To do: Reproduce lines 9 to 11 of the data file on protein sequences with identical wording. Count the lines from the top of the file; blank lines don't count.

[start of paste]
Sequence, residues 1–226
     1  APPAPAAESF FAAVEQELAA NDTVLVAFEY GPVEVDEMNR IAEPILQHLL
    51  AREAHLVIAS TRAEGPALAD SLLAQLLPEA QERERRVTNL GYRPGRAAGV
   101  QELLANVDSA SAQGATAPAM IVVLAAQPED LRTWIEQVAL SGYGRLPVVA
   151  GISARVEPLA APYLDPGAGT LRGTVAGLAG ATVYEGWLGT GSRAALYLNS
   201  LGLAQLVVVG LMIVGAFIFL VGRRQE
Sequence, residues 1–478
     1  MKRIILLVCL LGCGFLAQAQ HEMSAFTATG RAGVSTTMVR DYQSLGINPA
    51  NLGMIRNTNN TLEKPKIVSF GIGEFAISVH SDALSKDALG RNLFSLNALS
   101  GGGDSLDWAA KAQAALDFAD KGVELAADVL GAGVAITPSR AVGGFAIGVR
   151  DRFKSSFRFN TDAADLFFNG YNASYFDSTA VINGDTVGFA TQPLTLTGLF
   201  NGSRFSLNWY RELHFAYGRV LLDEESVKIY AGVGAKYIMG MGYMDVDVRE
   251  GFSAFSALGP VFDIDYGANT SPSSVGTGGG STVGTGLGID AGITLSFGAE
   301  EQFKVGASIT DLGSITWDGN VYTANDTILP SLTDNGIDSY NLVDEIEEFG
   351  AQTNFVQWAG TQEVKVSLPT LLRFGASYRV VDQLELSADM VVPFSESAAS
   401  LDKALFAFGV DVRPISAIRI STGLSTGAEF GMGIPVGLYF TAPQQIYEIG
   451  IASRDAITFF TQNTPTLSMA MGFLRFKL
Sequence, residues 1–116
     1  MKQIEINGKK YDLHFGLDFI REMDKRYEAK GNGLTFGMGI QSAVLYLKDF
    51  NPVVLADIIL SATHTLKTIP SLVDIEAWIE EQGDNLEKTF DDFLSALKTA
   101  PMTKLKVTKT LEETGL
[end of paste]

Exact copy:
    51  NLGMIRNTNN TLEKPKIVSF GIGEFAISVH SDALSKDALG RNLFSLNALS
   101  GGGDSLDWAA KAQAALDFAD KGVELAADVL GAGVAITPSR AVGGFAIGVR
   151  DRFKSSFRFN TDAADLFFNG YNASYFDSTA VINGDTVGFA TQPLTLTGLF